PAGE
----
The glow of candlelight blinded me, but anon the sights came into view. A clean room with a small desk came before my eyes. There was not much else here, save a small stove and fire, a large chest and a truckle bed. But God be praise, the candle be lit so someone must be here. Moving further into the room I called out.
The door hinge squeaked.
“Lisabeth!” Replied his voice from behind.
I rushed into his arms.
“What are you doing here?” He queried, dropping his pistol onto the bureau beside him.
He was alive!
“You’re soaked through! You’ll catch your death!”
He was safe!
“Come now I insist on taking you home.”
Bless it be!
Lionel pulled a blanket from his bed and rapped it around my shoulders.
“What are you doing here?” He laughed at my second abrupt embrace.
“I thought you where dead.” I could not help it, I cried into his commission. “My dear Beaupere, I thought I’d lost you!”
“How now, don’t cry!” Producing a kerchief he wiped my eyes. But this was not just any kerchief, rather one I had stowed the stolen jewels in. I smiled at the thing, happy he was safe. “I am fine, as you see. A little overcome that you cared so much, but in perfect health.”
“Lionel, I…” I began but words seemed to fail me.
“I spread the rumours that I had been shot so that I might go undetected and un-searched for, for a time.”
“I…have a…business deal to contend with for which I need much money. A sort of life’s pursuit if you will…but now I have enough and need not briber any longer. But come explanation can wait for another night, I really must see you home.”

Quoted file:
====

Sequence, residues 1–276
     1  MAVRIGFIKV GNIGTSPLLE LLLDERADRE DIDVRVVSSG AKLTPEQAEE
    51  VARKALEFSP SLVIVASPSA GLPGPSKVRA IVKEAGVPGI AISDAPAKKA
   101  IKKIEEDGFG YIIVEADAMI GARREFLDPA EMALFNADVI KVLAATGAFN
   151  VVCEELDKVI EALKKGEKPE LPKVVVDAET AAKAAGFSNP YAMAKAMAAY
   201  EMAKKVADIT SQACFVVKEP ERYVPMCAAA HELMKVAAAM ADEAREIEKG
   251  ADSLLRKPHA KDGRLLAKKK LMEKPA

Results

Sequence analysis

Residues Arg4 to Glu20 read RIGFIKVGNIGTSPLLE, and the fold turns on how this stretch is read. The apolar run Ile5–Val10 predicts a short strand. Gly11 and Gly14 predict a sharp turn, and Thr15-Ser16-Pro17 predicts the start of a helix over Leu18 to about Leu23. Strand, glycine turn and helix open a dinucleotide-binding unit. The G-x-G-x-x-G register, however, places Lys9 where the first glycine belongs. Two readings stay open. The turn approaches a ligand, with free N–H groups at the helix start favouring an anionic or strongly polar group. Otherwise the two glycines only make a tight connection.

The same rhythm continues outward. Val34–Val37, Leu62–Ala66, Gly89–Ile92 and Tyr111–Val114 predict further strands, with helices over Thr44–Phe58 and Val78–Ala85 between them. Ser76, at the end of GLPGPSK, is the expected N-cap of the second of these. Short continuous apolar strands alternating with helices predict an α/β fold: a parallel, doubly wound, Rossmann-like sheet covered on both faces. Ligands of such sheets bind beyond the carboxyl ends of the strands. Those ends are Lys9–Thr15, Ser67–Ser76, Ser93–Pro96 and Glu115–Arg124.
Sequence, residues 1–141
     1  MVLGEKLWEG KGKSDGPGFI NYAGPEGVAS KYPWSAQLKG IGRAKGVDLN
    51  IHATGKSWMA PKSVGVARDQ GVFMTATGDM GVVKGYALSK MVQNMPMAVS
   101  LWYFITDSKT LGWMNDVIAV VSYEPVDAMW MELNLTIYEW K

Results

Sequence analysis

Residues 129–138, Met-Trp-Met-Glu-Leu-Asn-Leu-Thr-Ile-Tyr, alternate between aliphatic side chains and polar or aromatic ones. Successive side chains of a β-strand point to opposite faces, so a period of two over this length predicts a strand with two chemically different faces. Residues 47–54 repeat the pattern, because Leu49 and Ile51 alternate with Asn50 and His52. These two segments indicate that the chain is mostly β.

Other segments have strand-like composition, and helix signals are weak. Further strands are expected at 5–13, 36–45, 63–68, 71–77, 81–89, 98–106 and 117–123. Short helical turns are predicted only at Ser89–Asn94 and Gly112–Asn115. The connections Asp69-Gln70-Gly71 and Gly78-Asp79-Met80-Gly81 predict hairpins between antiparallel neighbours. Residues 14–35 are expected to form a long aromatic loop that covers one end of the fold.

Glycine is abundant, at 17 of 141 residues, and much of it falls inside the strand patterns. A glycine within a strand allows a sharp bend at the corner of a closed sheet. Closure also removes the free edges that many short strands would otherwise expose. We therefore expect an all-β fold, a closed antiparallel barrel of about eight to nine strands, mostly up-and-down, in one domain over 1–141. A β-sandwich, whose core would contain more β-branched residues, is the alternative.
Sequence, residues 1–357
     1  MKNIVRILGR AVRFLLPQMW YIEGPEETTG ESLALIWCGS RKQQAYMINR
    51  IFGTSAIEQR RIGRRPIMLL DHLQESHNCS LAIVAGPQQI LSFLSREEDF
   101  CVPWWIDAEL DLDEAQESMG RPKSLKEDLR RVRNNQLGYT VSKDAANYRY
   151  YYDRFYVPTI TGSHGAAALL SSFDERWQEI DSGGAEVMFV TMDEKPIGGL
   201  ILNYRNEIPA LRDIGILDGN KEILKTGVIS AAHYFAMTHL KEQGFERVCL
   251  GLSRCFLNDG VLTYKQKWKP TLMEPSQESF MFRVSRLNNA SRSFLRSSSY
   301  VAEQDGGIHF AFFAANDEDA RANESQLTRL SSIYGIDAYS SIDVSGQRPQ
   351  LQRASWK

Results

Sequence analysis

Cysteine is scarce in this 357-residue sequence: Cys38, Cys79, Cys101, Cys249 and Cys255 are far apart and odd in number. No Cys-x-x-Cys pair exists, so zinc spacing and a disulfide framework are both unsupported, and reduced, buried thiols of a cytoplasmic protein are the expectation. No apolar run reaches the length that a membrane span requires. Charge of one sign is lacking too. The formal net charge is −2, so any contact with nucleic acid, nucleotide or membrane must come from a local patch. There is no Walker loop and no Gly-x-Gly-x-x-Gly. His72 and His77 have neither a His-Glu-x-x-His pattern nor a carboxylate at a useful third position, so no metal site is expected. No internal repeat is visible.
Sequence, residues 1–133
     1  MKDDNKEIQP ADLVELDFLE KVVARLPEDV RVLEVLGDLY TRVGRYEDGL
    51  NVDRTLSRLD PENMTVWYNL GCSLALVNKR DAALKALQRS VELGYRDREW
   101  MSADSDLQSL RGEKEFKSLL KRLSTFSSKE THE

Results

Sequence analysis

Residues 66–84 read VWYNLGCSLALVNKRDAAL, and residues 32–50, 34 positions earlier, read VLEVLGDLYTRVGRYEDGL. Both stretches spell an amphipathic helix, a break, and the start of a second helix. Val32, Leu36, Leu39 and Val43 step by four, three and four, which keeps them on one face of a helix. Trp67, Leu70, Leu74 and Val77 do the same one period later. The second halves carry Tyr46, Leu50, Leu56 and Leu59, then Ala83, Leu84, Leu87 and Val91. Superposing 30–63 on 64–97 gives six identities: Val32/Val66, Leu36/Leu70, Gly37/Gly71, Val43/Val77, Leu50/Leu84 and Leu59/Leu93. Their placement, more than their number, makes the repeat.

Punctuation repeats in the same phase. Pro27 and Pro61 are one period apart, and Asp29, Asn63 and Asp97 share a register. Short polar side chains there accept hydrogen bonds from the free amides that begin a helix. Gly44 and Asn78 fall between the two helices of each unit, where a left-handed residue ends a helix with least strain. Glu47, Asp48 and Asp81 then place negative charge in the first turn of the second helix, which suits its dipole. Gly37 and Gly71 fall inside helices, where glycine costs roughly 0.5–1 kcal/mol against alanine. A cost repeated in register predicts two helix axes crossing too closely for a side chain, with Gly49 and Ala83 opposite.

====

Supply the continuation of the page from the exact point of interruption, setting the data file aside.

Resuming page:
My Lionel moved to get the cape that hung by the door, but as he turned I realised a sudden sight.
“Your face!” I spoke softly. Lionel stopped and turned to see what I had said, and realising placed a hand to his naked head.
“Oh!” He chuckled. “I haven’t realised…if I’d known you were coming…do you think me hideous, Lisabeth?”
I gazed in wonder at the face before me. I had imagined his look but never had I thought it so handsome. I would not have cared if he had of been hideous but this face was the most pleasant I had seen. His eyes where such thrilling blue, like azurite and as wise as deep waters. He has a pointed chin like a emperor, with well carved features, an um-offensive noise, pale lashes and the humble glow to his cheeks of a man who knew not his own affect.
“No sir. Quite the opposite!”
He smiled diffidently, and then made for his cloak again. Once he was suited in his hat and mask also we entered the streets of London. The wind was colder then I remembered it and I hoped it would not take as long to return home on horseback for my wet clothes were becoming uncomfortable.
“My stables are just around the corner.” He said, escorting me to a bend in the road. As we made to turn, Lionel suddenly pulled me back into the shadows of a near by building, shielding me from view with his own body as a brigade of guards marched past.
“My apologies.” He said, looking at me gently, waiting for the guards to pass.
I let out my breath slowly, able to feel the cool wall pressed against my back.
“Not at all!” I smiled at him to show I held no grudge.
He returned the smile.
“I am glad I saw you this night.”
“Aye, so am I.”
His eyes were so bright behind the mask. His face so near I could feel his breath and yet he pulled away.
“I believe they have gone.” He said.
“Yes.” I replied, unable to shake the feeling of disappointment. “Lionel…I…”
I love you, I thought, unable to utter the words.
He head turned sharply.
His lips pressed to mine.
My heart thundered.
The moment of passions was brief but the most pleasant thing to happen to me in all my life. As our heads drew apart we both smiled at each other, laughing softly, and raced thought the rainy streets of London, as merry as merry be.